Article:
Polizette, November 2, 2016
Immigration has always posed challenges for the United States. Assimilation didn't just happen automatically, whether for Germans who came in colonial times or Italians and Jews at the turn of the 20th century. Today’s immigrants from Latin America and Asia aren't really all that different.
But a measure of whether America is in decline is how we cope with such challenges today. Can we limit the numbers and demand newcomers embrace our country and its values? This is harder than in the past. With cheap and easy travel and communications, managing immigration is more difficult than when the vast oceans separating us from the Old World did the job for us.
But our post-patriotic, post-American elite also lack the will to do what's needed. In government, churches, businesses, and schools, "assimilation" and "sovereignty" are dirty words — if they're even understood at all.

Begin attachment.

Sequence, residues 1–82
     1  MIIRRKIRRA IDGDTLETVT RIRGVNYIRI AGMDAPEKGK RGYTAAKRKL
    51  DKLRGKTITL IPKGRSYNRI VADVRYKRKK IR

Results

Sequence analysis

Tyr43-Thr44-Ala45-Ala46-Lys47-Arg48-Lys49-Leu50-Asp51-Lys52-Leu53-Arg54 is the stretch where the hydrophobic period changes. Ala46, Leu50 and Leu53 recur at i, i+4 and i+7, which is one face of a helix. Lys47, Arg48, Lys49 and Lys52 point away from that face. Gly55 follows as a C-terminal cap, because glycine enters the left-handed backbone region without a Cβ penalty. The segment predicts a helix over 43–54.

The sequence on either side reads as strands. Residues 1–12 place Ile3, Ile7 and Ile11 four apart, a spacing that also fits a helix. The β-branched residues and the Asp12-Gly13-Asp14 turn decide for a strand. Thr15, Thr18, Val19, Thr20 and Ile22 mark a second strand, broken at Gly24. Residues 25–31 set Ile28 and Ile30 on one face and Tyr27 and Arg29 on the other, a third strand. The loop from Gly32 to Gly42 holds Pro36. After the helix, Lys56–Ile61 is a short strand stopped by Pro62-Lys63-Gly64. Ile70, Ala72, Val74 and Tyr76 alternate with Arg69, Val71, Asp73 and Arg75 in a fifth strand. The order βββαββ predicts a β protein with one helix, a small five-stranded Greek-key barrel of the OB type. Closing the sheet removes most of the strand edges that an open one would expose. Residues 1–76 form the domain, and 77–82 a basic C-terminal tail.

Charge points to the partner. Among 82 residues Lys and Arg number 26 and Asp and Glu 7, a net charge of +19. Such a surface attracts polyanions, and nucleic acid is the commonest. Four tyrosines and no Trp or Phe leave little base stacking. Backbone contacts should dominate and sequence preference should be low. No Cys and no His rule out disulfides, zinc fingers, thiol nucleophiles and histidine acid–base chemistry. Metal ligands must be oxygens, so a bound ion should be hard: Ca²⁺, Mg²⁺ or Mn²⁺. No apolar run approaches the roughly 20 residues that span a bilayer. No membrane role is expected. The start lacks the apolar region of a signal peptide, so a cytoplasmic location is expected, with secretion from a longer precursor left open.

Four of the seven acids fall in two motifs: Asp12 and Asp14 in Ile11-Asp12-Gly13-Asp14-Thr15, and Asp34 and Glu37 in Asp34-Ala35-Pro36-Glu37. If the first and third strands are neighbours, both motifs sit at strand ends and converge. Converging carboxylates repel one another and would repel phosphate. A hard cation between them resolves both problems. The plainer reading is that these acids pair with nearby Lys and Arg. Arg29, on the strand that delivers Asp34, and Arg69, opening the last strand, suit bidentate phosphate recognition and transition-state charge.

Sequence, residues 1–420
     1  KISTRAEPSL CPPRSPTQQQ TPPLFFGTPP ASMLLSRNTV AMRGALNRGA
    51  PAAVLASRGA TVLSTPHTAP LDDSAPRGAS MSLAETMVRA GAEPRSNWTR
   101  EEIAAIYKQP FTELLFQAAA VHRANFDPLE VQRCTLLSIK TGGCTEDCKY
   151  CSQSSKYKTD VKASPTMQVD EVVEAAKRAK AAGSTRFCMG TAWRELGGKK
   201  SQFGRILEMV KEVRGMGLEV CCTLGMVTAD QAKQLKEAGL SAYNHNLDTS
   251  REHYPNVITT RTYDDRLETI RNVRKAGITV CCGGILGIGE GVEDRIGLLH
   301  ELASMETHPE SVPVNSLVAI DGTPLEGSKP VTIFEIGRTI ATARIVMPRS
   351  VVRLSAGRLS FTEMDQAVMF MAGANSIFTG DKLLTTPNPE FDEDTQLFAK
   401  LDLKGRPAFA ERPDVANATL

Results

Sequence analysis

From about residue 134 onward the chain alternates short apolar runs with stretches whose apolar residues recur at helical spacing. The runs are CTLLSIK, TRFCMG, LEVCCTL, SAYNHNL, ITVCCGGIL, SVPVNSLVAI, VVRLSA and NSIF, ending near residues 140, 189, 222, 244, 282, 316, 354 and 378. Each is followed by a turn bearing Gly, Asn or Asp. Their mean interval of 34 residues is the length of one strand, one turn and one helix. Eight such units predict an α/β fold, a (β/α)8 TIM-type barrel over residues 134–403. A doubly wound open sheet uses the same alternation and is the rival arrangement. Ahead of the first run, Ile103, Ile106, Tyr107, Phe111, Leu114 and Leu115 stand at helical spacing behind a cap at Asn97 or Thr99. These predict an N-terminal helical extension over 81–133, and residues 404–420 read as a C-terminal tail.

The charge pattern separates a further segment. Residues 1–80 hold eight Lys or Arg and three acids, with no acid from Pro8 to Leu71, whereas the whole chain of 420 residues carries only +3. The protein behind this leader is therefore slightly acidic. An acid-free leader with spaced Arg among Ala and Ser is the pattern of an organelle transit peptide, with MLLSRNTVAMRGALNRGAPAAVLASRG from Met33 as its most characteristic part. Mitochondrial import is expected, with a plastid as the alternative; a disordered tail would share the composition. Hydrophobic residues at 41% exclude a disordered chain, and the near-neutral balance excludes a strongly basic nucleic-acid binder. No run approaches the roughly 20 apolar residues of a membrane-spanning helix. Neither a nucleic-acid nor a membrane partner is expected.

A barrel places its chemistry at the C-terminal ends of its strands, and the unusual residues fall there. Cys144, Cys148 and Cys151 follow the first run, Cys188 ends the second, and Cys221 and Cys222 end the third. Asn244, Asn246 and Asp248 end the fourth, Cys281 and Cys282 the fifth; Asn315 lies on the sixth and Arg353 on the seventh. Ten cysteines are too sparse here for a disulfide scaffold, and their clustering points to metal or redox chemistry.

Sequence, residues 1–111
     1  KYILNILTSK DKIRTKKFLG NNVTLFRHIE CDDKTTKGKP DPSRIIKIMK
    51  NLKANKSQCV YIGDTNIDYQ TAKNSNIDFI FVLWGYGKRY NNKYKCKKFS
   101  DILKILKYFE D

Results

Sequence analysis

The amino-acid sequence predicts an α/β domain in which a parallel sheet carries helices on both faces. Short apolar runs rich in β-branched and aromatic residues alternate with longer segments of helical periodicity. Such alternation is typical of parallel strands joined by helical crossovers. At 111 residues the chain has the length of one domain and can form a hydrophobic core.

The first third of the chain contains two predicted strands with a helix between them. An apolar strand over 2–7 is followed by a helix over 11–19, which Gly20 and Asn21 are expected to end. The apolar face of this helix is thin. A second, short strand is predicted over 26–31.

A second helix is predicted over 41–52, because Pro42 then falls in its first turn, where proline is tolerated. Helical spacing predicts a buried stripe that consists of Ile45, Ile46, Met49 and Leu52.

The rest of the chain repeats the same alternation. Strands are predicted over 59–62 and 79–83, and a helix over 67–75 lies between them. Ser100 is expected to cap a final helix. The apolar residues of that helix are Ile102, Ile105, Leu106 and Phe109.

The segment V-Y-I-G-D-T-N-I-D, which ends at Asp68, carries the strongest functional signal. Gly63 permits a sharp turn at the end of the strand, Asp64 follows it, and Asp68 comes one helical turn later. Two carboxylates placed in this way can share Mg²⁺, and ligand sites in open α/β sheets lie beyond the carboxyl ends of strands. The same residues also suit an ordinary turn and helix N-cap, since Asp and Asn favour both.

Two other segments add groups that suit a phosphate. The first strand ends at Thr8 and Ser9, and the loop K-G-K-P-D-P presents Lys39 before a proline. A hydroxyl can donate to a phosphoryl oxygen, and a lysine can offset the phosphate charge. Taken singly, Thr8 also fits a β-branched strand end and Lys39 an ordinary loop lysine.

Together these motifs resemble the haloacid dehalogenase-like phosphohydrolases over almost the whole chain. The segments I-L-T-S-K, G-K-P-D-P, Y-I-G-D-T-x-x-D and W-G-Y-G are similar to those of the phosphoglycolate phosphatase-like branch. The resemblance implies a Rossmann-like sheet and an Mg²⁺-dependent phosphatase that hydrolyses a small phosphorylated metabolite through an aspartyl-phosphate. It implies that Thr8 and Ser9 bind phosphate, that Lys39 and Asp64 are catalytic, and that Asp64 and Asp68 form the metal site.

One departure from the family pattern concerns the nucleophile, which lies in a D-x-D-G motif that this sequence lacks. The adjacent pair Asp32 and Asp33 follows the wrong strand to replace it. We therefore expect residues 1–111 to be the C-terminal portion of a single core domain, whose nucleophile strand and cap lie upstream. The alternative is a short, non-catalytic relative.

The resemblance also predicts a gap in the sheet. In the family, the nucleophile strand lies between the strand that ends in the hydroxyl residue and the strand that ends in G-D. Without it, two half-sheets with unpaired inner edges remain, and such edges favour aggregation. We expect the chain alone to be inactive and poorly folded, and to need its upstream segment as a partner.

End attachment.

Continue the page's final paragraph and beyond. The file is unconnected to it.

Are there enough ordinary Americans willing to push back and demand an immigration policy in the national interest? The answer will determine our nation’s rise or decline in the years to come. The upcoming election will provide part of the answer, but it is merely one battle in a long twilight struggle for American self-determination.